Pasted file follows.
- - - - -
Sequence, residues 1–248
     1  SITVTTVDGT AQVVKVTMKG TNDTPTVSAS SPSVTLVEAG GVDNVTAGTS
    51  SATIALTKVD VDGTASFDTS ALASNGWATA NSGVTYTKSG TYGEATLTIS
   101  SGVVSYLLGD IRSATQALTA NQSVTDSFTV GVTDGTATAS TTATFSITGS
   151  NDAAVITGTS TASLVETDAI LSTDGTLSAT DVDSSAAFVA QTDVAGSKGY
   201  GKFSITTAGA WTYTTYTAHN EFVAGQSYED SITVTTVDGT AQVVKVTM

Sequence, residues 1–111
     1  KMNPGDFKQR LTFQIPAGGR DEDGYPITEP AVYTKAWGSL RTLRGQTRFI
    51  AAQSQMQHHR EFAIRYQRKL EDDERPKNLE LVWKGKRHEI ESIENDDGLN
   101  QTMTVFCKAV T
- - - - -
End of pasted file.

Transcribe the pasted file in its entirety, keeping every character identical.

Sequence, residues 1–248
     1  SITVTTVDGT AQVVKVTMKG TNDTPTVSAS SPSVTLVEAG GVDNVTAGTS
    51  SATIALTKVD VDGTASFDTS ALASNGWATA NSGVTYTKSG TYGEATLTIS
   101  SGVVSYLLGD IRSATQALTA NQSVTDSFTV GVTDGTATAS TTATFSITGS
   151  NDAAVITGTS TASLVETDAI LSTDGTLSAT DVDSSAAFVA QTDVAGSKGY
   201  GKFSITTAGA WTYTTYTAHN EFVAGQSYED SITVTTVDGT AQVVKVTM

Sequence, residues 1–111
     1  KMNPGDFKQR LTFQIPAGGR DEDGYPITEP AVYTKAWGSL RTLRGQTRFI
    51  AAQSQMQHHR EFAIRYQRKL EDDERPKNLE LVWKGKRHEI ESIENDDGLN
   101  QTMTVFCKAV T